ICRC 'Lost its Moral Compass' During the Holocaust

ICRC head admits Red Cross failed to protect Jews, preferring to remain willfully blind to the horrors of Nazism.

Arutz Sheva Staff,

Lauder urged the Red Cross to learn from its mistakes to combat contemporary evil
Lauder urged the Red Cross to learn from its mistakes to combat contemporary evil
Thinkstock

The President of the International Committee of the Red Cross (ICRC) has admitted the humanitarian agency failed to protect Jews during the holocaust because it "lost its moral compass."

At a joint event in Geneva with the World Jewish Congress to commemorate the 70th anniversary of the Allied liberation of Nazi death camps, ICRC President Peter Maurer stated that "the ICRC failed to protect civilians and, most notably, the Jews persecuted and murdered by the Nazi regime."

"It failed as a humanitarian organization because it lost its moral compass," he added.

The conference "Remembering the Shoah: The ICRC and the International Community's Efforts in Responding to Genocide and Protecting Civilians" focused on the ways in which legal and political responses to mass killings have developed since the Holocaust. It was attended by 200 senior members of Geneva’s diplomatic corps and also featured a panel discussion with Dorot Professor of Modern Jewish History and Holocaust Studies at Emory University Deborah Lipstadt and former International President of Médecins Sans Frontières James Orbinski.

Echoing Maurer's statement, WJC President Ronald S. Lauder said the Red Cross willfully ignored the Nazi genocide of Jews and other minority groups.

"World silence and indifference to the fate of the Jewish people led to the Holocaust. The Red Cross chose silence as well," he said.

"In the face of a human catastrophe, silence is not a moral alternative. As one of the most respected international organizations in the world, the ICRC has an important obligation that goes beyond relief work," Lauder continued. "Today, this is more important than ever because of what we see throughout the Middle East, Africa, and even right here in Europe."

During World War II, the ICRC, headquartered in Geneva, was the principal humanitarian institution maintaining communications with both the Allied and Axis powers. But while the ICRC did provide assistance and protection to Allied prisoners of war held by Nazi Germany, it did not do the same for Jewish deportees as Berlin refused all humanitarian requests to help Jewish victims.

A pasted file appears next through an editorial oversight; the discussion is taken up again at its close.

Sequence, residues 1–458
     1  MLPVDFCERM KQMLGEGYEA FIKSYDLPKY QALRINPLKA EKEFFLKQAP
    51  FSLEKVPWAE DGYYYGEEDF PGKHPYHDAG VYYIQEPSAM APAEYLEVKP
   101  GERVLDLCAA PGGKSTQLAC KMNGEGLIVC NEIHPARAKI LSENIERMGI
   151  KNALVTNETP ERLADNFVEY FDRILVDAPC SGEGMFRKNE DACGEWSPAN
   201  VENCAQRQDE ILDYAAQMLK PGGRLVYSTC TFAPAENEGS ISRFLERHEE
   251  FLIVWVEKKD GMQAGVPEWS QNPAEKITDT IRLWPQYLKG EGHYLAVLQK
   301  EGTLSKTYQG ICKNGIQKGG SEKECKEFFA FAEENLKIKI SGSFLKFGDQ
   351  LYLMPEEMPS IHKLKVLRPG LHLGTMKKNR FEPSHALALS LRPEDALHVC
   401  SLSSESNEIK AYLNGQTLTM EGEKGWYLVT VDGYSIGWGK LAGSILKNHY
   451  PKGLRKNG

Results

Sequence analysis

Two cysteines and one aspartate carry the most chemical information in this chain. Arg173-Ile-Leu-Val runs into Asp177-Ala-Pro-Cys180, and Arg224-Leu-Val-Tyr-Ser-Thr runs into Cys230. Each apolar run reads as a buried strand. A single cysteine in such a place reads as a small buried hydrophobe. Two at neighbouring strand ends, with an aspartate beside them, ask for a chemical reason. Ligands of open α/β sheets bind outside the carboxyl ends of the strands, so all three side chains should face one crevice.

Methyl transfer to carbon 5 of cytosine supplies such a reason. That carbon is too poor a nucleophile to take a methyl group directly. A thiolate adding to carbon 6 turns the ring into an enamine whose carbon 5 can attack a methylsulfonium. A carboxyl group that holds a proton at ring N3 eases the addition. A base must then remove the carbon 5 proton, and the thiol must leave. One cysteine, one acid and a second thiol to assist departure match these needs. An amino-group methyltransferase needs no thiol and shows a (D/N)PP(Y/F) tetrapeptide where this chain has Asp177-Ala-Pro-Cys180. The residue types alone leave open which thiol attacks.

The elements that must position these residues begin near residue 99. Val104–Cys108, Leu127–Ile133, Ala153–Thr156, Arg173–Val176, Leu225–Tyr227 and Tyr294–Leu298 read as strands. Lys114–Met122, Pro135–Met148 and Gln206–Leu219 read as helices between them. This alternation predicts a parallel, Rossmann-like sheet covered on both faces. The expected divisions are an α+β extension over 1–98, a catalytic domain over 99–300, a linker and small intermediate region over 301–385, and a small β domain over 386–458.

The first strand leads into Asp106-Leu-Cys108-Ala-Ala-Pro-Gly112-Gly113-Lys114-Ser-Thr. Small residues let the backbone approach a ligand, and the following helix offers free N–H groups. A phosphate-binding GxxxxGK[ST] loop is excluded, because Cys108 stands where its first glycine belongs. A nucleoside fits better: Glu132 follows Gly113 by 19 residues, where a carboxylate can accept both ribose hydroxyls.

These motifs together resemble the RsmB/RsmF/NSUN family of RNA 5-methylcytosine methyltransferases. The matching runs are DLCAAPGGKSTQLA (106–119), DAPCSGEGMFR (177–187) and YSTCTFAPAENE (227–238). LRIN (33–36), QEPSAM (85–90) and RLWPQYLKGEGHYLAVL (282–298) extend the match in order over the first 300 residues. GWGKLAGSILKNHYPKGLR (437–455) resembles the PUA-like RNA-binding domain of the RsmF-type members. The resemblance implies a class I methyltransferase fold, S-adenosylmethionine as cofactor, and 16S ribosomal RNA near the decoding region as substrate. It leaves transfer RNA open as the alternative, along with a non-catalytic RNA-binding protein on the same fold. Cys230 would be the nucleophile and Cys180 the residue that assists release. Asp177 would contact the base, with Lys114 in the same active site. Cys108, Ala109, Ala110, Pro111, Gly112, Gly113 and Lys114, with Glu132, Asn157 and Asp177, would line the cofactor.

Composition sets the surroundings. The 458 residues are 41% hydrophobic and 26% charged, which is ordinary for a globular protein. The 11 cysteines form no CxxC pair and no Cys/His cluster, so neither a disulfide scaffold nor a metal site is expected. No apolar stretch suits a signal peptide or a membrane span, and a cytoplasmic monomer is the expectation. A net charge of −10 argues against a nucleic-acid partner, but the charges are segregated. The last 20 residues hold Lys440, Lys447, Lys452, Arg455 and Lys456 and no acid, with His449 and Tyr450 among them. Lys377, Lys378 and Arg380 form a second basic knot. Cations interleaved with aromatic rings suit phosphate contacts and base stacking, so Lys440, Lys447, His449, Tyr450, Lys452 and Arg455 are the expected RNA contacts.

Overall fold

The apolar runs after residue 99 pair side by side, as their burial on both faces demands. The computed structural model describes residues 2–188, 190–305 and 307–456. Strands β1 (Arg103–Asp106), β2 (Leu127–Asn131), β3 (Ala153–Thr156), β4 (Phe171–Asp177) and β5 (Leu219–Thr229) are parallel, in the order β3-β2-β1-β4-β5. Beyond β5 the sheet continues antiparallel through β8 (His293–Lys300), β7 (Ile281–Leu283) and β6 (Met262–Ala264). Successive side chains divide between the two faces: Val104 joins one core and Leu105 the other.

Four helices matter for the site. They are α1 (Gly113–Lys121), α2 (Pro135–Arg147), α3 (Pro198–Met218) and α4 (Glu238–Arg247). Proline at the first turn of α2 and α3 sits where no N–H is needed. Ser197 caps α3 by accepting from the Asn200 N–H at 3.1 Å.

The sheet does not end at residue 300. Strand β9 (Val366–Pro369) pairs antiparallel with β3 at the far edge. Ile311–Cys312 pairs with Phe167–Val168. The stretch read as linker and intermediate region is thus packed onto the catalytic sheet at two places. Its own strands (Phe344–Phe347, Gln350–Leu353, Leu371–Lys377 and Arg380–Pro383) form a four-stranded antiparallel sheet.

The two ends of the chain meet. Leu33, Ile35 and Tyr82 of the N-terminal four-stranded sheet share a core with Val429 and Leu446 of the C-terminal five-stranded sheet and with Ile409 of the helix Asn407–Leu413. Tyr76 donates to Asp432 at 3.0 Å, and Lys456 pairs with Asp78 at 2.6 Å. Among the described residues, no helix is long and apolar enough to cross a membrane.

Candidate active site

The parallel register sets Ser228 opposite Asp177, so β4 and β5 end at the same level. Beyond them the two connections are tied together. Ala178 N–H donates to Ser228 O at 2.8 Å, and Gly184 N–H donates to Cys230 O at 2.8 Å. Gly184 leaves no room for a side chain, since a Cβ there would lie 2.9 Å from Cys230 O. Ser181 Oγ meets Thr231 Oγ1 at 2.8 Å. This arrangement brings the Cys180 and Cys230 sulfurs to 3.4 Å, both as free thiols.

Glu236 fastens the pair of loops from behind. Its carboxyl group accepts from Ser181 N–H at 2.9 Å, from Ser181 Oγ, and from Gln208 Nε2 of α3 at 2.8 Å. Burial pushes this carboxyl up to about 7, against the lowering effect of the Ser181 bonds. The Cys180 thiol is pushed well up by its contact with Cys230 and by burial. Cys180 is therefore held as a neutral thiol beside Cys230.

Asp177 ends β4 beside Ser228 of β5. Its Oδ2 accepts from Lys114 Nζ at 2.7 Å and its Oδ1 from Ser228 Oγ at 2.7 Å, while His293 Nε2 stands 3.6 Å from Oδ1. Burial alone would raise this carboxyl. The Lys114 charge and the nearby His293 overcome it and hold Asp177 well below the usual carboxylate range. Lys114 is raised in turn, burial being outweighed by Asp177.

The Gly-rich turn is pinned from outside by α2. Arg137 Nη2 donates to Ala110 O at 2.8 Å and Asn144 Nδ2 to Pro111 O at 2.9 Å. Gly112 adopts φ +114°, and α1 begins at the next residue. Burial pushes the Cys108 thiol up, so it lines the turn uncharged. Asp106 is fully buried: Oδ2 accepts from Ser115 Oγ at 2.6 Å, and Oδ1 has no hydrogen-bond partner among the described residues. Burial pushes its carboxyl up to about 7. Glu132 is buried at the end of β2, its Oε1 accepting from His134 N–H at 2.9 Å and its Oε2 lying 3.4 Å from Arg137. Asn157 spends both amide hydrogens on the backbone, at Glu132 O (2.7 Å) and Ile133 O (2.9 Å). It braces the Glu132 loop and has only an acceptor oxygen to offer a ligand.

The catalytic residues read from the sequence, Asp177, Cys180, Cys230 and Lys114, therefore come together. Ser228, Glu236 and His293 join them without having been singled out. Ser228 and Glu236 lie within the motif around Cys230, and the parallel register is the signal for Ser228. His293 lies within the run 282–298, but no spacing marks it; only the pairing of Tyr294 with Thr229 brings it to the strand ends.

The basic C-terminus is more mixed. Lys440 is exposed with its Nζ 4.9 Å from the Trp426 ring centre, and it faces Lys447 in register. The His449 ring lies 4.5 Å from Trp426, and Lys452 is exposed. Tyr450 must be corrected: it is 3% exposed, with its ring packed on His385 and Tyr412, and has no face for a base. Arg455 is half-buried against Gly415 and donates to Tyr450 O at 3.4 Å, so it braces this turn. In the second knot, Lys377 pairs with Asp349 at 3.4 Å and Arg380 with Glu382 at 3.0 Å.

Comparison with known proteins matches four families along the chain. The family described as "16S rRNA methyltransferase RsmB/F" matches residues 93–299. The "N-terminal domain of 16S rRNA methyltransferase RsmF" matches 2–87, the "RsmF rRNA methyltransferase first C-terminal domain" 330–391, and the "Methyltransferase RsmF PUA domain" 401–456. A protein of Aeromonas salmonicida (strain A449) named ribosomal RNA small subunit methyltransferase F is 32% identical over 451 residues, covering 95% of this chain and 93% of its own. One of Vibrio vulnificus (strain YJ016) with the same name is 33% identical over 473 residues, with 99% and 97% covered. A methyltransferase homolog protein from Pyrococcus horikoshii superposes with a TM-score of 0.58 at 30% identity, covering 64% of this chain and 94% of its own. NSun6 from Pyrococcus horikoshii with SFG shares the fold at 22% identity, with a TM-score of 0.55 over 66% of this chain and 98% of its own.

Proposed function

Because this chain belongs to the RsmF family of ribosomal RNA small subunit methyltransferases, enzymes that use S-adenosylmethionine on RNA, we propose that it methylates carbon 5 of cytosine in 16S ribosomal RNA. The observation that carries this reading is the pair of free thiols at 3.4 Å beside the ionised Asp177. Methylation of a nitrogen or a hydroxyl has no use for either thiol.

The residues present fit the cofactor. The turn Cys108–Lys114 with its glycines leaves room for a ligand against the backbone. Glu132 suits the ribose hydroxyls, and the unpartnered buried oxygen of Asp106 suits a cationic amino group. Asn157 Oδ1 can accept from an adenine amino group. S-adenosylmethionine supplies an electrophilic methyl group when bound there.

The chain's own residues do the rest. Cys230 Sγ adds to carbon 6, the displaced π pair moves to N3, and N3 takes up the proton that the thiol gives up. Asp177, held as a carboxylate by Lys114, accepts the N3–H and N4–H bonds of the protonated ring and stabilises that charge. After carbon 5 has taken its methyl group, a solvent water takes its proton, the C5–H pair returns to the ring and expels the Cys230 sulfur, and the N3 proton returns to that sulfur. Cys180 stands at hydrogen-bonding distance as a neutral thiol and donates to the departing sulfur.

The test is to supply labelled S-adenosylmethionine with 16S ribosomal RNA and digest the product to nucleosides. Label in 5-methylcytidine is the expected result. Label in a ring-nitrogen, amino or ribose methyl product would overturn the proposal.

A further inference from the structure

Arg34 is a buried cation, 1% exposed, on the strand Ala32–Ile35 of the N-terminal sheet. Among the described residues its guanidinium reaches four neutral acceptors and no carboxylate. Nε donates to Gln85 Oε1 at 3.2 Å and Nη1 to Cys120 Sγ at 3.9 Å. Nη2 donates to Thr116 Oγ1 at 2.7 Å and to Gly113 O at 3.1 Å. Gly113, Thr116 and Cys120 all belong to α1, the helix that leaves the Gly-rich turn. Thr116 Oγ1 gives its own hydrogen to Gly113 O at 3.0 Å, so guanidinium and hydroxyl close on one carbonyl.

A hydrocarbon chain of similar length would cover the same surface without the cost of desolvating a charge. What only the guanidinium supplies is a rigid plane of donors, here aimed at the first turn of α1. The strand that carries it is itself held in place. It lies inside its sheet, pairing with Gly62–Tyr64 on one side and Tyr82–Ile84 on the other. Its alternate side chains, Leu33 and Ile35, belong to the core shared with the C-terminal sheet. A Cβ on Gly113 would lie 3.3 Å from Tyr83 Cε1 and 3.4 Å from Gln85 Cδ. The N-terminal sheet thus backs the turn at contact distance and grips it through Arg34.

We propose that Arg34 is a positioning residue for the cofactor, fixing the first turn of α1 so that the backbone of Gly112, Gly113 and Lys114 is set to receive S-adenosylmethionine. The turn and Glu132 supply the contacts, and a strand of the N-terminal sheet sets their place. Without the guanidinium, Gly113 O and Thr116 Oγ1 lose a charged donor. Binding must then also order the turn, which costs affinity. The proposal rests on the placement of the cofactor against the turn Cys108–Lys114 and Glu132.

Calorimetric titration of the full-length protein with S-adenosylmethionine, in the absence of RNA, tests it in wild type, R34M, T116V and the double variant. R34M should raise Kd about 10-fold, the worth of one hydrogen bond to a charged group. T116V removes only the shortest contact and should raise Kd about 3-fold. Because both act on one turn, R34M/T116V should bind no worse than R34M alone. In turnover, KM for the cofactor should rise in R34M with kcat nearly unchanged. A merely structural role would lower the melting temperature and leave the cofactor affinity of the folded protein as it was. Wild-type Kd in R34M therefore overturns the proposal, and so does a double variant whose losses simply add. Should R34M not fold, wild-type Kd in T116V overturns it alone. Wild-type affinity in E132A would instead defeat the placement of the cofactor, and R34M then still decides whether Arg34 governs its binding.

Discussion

At the same time, the ICRC refused to even publicly denounce the deportation of Jews to concentration camps.

In his address, Maurer admitted the Red Cross allowed itself to remain willfully blind to the horrors unfolding before it.

"The ICRC did not see Nazi Germany for what it was. Instead, the organization maintained the illusion that the Third Reich was a ‘regular partner’, a state that occasionally violates laws, not unlike any army during World War I, occasionally using illegal means and methods of warfare."

But, he insisted, it had learned from its past mistakes.

"We have chosen to confront our past and to embrace transparency. Our public archives are proof of our acknowledgment of the past and our continued effort to confront uncomfortable truths," he declared.

Maurer struck a far more pessimistic note however when it came to the more contemporary challenges facing his organization.

"For the ICRC, somehow, ‘never again’ resonates with difficulty because of what we see and experience on the ground every day," he said.

"We cannot guarantee that a humanitarian catastrophe of the extent of the Holocaust will not happen again. On the contrary, we witness a catalogue of atrocities, every day, in wars across the globe."

In his speech, Lauder commended the Red Cross for admitting and taking responsibility for its past failings, and urged the Red Cross to apply the lessons it learned to current and future challenged.

Simply providing apolitical medical and relief work is not enough, the WJC President insisted, calling on the ICRC to lead the charge in fighting the kinds of evil ideologies - from Nazism to radical Islam - which make atrocities such as the holocaust possible.

"I believe the International Red Cross has an important obligation that goes beyond relief work," he said. "The ICRC is one of the most respected international organizations in the world and as such, its opinion carries great weight."

"You have already proven your moral authority because you have opened up your historical records. You have admitted that you could have and should have done more."

The world is "in desperate need of leadership in the ongoing debate between right and wrong," he continued, "and that is exactly what this is: a struggle between good and evil."

"There is no ambiguity when marauding armies kill everything in their path, beheading men, women and even children. This could not be clearer, just as it was clear 70 years ago when the concentration camps were liberated.

"The world today faces its greatest challenge since the end of World War II. Nothing could be more important in 2015. The International Committee of the Red Cross must show the world the way."




top